Thursday (June 16) evening in Carnegie Hall, Rufus Wainwright recreated his 2006 recreation of Judy Garland‘s iconic 1961 Carnegie Hall concert. And while the mood of the night was sheer delight, there was no way a performance so beautifully and unabashedly gay could go by without a mention of the tragedy weighing heavily on the community throughout the week.
“I’m not going to say so much about it because it’s in all our hearts and minds,” Wainwright said, nodding to the Orlando massacre. “But we’re gonna be okay. We’re gonna be okay. I’m saying that as much to myself as to you people…. We are survivors. If anyone is a survivor, it’s a gay person. Let’s make the world a better place.”
In that sense, the 2016 reprisal of Rufus Does Judy at Carnegie has an unintentional and eerie parallel to the 2006 edition. Wainwright told Playbill he originally turned to Garland’s astonishing (but under-appreciated in the rockist retelling of music history) Judy at Carnegie Hall album in the early ’00s for solace after 9/11 and the “shit show” of the ensuing Iraq War. And while this restaging was obviously underway prior to the events on June 12 at Pulse nightclub, Wainwright’s June 16-17 run at Carnegie Hall ends up serving the same purpose: it’s providing much-needed cheer and positive energy following depressing real-world violence. And with the old Hollywood magic of songs like “Come Rain or Come Shine,” “Zing! Went the Strings of My Heart” and “Over the Rainbow,” Wainwright is to the audience what Garland was to him years ago.
Sadly, Orlando wasn’t the only tragedy referenced in the night’s proceedings. Wainwright dedicated Noel Coward’s “If Love Were All” to the slain liberal U.K. politician Jo Cox, who was murderer earlier that day by a man with reported links to far-right groups.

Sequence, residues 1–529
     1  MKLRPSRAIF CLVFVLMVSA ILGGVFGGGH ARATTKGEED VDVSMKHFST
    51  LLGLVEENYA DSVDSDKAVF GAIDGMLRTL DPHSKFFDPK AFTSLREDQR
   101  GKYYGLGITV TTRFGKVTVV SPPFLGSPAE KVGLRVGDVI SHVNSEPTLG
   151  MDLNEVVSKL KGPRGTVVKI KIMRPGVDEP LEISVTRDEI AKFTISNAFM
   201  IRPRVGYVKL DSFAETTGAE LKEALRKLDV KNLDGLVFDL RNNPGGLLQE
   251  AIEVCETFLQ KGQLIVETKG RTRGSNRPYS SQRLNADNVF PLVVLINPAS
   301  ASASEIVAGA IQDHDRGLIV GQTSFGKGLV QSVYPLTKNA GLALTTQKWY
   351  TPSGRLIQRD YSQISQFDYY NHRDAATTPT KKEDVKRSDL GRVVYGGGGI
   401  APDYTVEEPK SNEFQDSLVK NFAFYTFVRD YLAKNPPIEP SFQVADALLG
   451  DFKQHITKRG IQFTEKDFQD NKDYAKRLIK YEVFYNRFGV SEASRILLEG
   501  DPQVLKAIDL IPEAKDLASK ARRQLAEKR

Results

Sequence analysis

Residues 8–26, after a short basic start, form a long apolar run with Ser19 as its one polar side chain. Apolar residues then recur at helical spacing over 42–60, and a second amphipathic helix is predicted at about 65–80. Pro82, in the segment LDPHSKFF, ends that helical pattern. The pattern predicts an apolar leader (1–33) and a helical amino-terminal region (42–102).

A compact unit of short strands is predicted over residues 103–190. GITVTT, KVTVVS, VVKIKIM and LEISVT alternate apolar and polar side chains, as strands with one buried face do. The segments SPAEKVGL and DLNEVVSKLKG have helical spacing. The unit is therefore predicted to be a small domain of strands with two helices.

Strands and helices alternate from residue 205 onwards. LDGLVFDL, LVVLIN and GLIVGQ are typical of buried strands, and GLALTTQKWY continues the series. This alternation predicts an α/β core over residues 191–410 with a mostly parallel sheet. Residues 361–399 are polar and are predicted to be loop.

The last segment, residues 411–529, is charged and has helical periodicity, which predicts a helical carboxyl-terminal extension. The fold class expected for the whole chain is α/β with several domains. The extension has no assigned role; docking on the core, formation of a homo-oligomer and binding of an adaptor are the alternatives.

Still, the overriding mood of the evening was joyful, with the audience reveling in Rufus’ deep love and obsession with the source material. Wearing ruby red slippers for the second half of the show, Wainwright imitated Garland’s stage presence by “fighting” with his mic cord and periodically throwing it over his shoulder like a heavy bag. He mimicked her phrasing at points, uttering the name “Jeanette MacDonald” with the same shady enunciation Garland gave it 55 years earlier (“I would interpret this next line as a dig,” he said during “San Francisco,” explaining why Judy might’ve found her singing-acting contemporary distasteful).
The most marvelous moment, hands down, was when Heart’s Ann Wilson made a surprise appearance to help Rufus act out Barbra Streisand’s guest spot on The Judy Garland Show in 1963. They recreated out the duet for the ages right down to the playfully acerbic pre-song banter (“You’re so good I really hate you”/”You’re so great I’ve been hating you for years!”) prior to their counterpoint duet on “Happy Days/Get Happy.”
His sister Martha — who tackled “Stormy Weather” and perfectly captured the fragility of “Someone to Watch Over Me” during the encore — was another surprise guest; their late mother, folk legend Kate McGarrigle, was part of the evening via the program’s liner notes, which included an anecdote from her about young Rufus’ distaste for folk and fascination with the Great American Songbook. The family connection was strong in Carnegie Hall that night — Wainwright mentioned his grandparents were actually in the audience during Garland’s original 1961 Carnegie concert, and he shared a story about a scotch-toting Judy babysitting his father, folk legend Loudon Wainwright III, as a child.
Earlier in the show, Wainwright dedicated “I Can’t Give You Anything But Love” to Bernie Sanders and cheekily linked the lyrically antiquated “Rock-a-Bye Your Baby With a Dixie Melody” to Donald Trump. So right before a show-closing “Get Happy,” he gave a shout out to the other prospective presidential candidate: “I’d like to dedicate this song to the next president of the United States — Hillary Rodham Clinton.” While his previous nods to contemporary subjects were far more sobering, this one was met with thunderous cheers, and after he was done, Wainwright was treated to his second richly deserved standing ovation of the evening.
Wainwright performs Rufus Does Judy at Carnegie Hall again tonight (June 17) and in Toronto during Toronto Pride.